This case related to the use of guidance on tactile paving.  The Department for Transport produced guidance on the use of tactile paving, which had the endorsement of Guide Dogs for the Blind and the Royal National Institute for the Blind.  In 2010, the defendant local authority adopted guidance for use in the design and specification of tactile paving in its area.  The local authority’s guidance did not follow the national guidance issued by the Department for Transport.  The claimant applied for judicial review and sought a declaration that the local authority had acted unlawfully in adopting the guidance and an order to quash the guidance.  The main issue was the status and effect of the non-statutory guidance.  The claimant said that the local authority was required to follow the national guidance unless there was a good reason to depart from it.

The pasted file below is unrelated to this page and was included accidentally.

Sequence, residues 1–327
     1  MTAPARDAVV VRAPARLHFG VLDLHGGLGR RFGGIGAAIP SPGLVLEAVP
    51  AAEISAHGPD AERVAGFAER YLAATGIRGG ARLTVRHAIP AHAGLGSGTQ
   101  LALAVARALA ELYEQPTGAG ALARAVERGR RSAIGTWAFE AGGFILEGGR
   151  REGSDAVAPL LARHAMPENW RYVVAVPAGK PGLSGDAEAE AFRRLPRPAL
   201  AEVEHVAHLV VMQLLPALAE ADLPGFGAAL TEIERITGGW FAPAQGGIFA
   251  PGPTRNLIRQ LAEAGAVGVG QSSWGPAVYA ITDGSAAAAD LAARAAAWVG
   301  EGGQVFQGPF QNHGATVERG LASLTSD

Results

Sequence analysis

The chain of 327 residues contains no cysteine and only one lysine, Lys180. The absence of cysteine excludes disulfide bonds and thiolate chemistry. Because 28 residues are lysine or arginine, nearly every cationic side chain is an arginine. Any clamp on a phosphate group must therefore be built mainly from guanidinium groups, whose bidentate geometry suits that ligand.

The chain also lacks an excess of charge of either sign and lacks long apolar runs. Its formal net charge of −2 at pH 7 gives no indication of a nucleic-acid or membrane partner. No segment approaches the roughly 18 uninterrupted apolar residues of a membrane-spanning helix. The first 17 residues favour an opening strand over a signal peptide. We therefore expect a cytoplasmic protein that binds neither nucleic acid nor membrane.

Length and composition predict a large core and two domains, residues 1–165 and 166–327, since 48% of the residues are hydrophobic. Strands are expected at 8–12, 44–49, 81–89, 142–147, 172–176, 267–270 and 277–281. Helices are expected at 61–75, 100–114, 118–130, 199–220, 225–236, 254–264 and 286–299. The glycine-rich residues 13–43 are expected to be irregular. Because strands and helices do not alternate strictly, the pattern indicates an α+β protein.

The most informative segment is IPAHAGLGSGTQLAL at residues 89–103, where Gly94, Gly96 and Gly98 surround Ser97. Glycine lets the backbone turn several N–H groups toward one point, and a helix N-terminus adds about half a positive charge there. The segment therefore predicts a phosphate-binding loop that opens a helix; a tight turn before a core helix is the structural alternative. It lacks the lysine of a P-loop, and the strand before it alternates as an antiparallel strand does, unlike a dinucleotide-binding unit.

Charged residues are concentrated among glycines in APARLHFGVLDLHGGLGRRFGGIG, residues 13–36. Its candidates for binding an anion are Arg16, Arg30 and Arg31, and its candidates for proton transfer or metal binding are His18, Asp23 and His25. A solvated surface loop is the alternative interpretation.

The application was allowed.  It was held that the weight that should be given to particular guidance depended on the context in which the guidance had been produced.  In particular, it was necessary to give due regard to the authorship of the guidance, the quality and intensity of the work done in the production of the guidance, the extent to which the interests of those who were likely to be affected by the guidance had been recognised and weighed, the importance of any more general public policy that the guidance had sought to promote, and the express terms of the guidance itself.  In this case, the relevant national guidance had been produced at a high level and involved those with considerable experience and expertise in the applicable area.  Considerable research had been undertaken before the guidance was finalised.  The guidance had been issued against the background of the equality duty, by which the needs of the disabled had to be given due regard.  The measures had been set out in imperative terms, largely because there was in the present context a compelling longer term need to achieve an acceptable level of uniformity and consistency throughout all localities.  In view of those factors, the local authority was required to follow the national guidance unless it had good reasons to depart from it and no such reasons were found.  Therefore, the local authority did not have a lawful justification for departing from the relevant national guidance and the local authority’s guide was therefore unlawful.